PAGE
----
In 1914, the members of the Jamestown South Side Thimble Club paid a surprise visit, for their regular club meeting, to the home of Mrs. Richard Toothill on East Sixth Street. Toothill was not a member of the club but she had been a visitor at some of the meetings and was a friend of all the members; hence the visit, which proved to be a very special occasion for the hostess and guests. The day was spent as usual: a business meeting before dinner, dinner at 1 p.m. and sewing and sociability during the afternoon.
The Rev. Dr. Isaac T. Headland gave another of his series of lectures on the Chinese in the Jamestown First Congregational Church. His theme on this occasion being The Chinese Woman. Despite disagreeable weather, the attendance was excellent. According to Headland, woman was the most fascinating interesting and incomprehensible subject in the world - a perpetual conundrum. When one had decided what she was, something else came up and she was not. "However, a Chinese woman is just a woman." That statement, Headland defined as "profound." The speaker made it as a discovery of his own. The Chinese woman was described as a labor-burdened, oppressed creature, a puppet to her husband. Headland first began to take active interest in the question of the education of Chinese women upon reading, in one of the works of Dr. W.A. Martin of Peking, that not one in 10,000 Chinese women could read.
In 1939, a veteran riverman suggested that an aviator play "boogie man" to scare flocking wild swans from the treacherous eddies above Niagara Falls. William (Red) Hill, for years a close observer of life and death along the Niagara River, his specialty was recovering bodies of persons swept over the falls, asserted: "Apparently neither the Canadian nor the United States governments are concerned about the swans. If either sent an airplane to swoop over the flocks, the birds could be forced back upriver to safety." A number of the swans had, within the past several days, been drawn to destruction over the falls.
The Great Northern pioneer locomotive, William Crooks, and two passenger cars, which were en route from Chicago to New York City, to appear in the World's Fair pageant, Railroads on Parade, would pass through Jamestown over the Erie railroad lines the following Wednesday, making a half-hour stop here. Interested members of the public were invited to inspect the train. The engine, which was built as a wood burner in the 1860s and later converted into a coal-burning type, travels over one division a day under its own power at the rate of 15 miles per hour. The train would stop here for coal and water on its 103-mile trip from Meadville, Pa., to Salamanca. The 77-year-old locomotive and the ancient passenger coaches would be on exhibition near the Erie passenger station on West Second Street at the foot of Lafayette Street.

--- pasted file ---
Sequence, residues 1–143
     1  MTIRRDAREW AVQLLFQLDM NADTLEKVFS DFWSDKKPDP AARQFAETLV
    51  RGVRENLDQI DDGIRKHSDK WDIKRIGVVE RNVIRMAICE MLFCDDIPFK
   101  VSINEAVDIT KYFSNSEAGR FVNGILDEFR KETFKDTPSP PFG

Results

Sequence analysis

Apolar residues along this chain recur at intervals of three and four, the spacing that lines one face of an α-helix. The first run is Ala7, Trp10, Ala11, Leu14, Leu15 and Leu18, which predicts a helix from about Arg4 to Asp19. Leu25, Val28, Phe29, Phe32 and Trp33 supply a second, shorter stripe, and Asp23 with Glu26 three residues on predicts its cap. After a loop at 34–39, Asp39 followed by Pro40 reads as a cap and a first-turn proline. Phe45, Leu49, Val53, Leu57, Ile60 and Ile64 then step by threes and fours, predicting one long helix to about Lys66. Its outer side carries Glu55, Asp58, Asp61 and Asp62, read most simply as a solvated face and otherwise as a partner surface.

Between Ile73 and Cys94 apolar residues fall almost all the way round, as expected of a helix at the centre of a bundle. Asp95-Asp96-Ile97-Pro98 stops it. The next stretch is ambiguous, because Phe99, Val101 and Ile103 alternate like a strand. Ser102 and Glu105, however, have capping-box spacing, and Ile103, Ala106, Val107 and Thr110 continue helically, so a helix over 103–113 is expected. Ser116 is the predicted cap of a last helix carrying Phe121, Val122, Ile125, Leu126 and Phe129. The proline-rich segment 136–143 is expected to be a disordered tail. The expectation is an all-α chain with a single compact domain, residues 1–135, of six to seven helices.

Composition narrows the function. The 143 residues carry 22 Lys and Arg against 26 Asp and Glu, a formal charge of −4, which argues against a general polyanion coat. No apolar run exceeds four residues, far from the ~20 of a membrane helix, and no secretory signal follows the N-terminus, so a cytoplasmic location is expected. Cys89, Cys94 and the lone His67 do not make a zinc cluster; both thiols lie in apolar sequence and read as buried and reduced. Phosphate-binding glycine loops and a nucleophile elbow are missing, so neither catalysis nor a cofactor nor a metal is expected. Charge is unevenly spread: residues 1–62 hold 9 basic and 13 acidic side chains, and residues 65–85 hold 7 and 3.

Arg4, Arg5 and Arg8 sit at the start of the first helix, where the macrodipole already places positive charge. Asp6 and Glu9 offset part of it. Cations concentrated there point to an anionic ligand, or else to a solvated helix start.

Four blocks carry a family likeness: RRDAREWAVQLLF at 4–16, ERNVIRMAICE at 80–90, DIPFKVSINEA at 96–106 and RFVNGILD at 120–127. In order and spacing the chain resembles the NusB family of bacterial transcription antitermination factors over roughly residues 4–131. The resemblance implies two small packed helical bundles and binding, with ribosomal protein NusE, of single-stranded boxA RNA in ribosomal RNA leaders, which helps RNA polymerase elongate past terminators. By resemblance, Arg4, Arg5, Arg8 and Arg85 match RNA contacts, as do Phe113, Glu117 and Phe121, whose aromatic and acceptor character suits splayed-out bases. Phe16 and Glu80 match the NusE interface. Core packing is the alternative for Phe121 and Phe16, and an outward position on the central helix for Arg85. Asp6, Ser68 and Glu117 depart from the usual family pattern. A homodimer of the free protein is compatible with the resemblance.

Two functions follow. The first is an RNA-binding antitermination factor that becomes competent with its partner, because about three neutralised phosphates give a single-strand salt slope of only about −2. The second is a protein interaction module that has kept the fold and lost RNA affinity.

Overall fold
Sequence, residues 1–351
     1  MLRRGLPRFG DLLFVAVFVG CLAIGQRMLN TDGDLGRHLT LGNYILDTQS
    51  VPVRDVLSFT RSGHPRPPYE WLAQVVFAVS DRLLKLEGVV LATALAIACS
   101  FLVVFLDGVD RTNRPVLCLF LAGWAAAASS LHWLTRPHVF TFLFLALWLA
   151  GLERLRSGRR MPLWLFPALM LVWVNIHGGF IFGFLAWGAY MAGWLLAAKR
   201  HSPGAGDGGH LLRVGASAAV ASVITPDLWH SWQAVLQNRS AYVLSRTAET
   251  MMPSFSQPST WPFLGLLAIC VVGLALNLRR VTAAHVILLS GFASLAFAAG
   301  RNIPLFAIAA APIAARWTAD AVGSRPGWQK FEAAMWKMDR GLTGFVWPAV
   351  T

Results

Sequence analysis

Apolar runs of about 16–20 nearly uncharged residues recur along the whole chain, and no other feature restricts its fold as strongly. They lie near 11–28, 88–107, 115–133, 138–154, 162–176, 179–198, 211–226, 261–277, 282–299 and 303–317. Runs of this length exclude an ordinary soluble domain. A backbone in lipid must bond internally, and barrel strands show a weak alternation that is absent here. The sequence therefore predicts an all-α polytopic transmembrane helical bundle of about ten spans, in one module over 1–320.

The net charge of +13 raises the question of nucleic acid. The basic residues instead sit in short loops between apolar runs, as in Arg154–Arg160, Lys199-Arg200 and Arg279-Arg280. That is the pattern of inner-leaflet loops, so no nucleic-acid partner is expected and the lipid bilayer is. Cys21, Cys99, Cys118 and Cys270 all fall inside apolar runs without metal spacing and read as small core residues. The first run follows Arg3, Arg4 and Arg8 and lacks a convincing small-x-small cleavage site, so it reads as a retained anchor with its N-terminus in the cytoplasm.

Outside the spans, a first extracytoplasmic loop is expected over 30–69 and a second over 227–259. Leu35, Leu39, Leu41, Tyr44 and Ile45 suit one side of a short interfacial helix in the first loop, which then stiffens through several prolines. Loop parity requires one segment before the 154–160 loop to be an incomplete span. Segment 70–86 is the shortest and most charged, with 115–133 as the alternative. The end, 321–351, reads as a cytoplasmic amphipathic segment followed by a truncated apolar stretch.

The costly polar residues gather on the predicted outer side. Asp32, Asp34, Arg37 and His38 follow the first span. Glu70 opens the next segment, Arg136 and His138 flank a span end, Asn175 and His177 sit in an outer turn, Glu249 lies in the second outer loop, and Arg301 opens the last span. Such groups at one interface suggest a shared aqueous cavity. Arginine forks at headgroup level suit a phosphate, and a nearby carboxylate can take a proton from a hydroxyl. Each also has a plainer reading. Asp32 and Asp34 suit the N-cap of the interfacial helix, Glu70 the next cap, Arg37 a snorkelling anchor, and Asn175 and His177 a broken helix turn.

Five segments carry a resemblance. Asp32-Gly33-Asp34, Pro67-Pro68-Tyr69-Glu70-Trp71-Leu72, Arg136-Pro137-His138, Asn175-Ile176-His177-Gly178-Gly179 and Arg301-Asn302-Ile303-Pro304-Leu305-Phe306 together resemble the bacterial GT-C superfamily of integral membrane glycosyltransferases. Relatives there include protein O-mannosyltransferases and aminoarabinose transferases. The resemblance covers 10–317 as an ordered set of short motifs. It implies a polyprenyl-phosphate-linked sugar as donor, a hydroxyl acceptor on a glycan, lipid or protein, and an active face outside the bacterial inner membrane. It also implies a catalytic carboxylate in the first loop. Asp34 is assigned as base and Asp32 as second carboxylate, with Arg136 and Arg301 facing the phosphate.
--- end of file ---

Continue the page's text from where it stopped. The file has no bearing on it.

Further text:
In 1964, final cost of building and equipping the new addition to Jamestown General Hospital was estimated at $416,919 in a financial report on the project presented to the Hospital Board by Mark W. Lyons, superintendent. Joseph J. Valone, chairman of the Buildings and Grounds Committee, reported that all four floors of the new wing were in service. Noting that only landscaping and a few minor items remained to be done, he pronounced the project 98 percent completed. With the first floor of the new wing occupied by the Municipal Laboratory, the upper three floors had a total of 28 rooms equipped with 63 beds, which gave the hospital a capacity of 165 patient beds.
A statewide state police raid on gamblers and bookmakers netted six arrests in Dunkirk. No other community in Chautauqua County or Cattaraugus County was visited by state police. The Western New York raid was directed by Troop A. State Police Commander, Capt., John P. Nohlen, Batavia. The zero hour for the simultaneous raids was 2 p.m. throughout the state. Participating in the Western New York drive against gamblers included members of Falconer and Westfield state police patrols. They raided two places in Dunkirk. Charges of bookmaking were filed against each man. They each posted $200 cash bail at Dunkirk police headquarters and each was set free pending arraignment before Dunkirk City Judge August R. Jankowski.